The latest in a regular series of Insight Sessions was held yesterday (June 27), unveiling new music research by Mark Mulligan of MiDiA Research. The report for BPI/ERA, christened Generation Z: Meet the Young Millennials, explores the music consumption habits and social media behaviour of today’s young Millennials (aged up to 19) and how their engagement across streaming and video platforms and social media and messaging apps, including Instagram, Snapchat and Musical.ly, is shaping longer-term trends.
Significant revelations within the report include:
- YouTube is the most pervasive entertainment platform for Gen Z, peaking at 94% monthly penetration among 16-19 year olds.
- However, for these 16-19 year olds, as interest in music develops, Spotify is overtaking YouTube as the main music app, with 53% weekly user penetration compared to 47% for YouTube.
- Music is the most widely watched content type among 12-15 year olds on YouTube.
- UK teens (16-19 years) are more willing to pay for music. 67% consider it to be worth paying for regularly compared to 56% of overall consumers.
- A third of 8-11 year olds in the UK use Snapchat, rising to 67% for 16-19 year olds, while 63% of 16-19 year olds use Instagram.
- Messaging apps like Snapchat and Instagram are replacing social networks for Gen Z.
- Streaming is transforming Gen Z’s relationship with music: 74% of all 16-19 year olds say they are mainly listening to single tracks and playlists instead of albums.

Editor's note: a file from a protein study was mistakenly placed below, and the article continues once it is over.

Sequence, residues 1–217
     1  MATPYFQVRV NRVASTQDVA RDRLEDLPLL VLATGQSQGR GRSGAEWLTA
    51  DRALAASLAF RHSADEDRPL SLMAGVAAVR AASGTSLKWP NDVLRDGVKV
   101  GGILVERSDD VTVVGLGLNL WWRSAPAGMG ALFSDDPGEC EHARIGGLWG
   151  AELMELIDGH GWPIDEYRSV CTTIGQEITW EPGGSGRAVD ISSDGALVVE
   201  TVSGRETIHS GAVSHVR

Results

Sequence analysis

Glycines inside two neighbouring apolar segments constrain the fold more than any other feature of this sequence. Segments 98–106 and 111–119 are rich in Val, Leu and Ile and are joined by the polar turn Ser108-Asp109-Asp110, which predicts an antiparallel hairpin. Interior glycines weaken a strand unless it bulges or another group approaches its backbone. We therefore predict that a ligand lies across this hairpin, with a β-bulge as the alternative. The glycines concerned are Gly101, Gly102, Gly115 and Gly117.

- 71% of 16-19 year olds listen to music radio on an at least monthly basis, just 3 percentage points above the all-ages average.
Speaking about the findings, Geoff Taylor, chief executive BPI & BRIT Awards, said: “If we are going to prepare for the future of music, we need to better understand Generation Z and the influences that shape their engagement with music. These young digital natives are not only important as a key segment of the market, but the way they interact with music helps to unveil trends that will become more widespread among music fans over time.”
Kim Bayley, chief executive ERA, added: “It’s not news that entertainment is changing, but none of us should underestimate the achievement of the streaming revolution. Not only has it helped stop piracy in its tracks, it has created the first real growth in the music industry in more than a decade and has done so with an unbeatable consumer proposition: 24/7 access to virtually all the music in the world. In the fast-paced digital world, however, nothing is forever and it is vital to stay close to emerging generations of music fans, many of whom were not even born at the dawn of the MP3 age.”
You can download the full report here.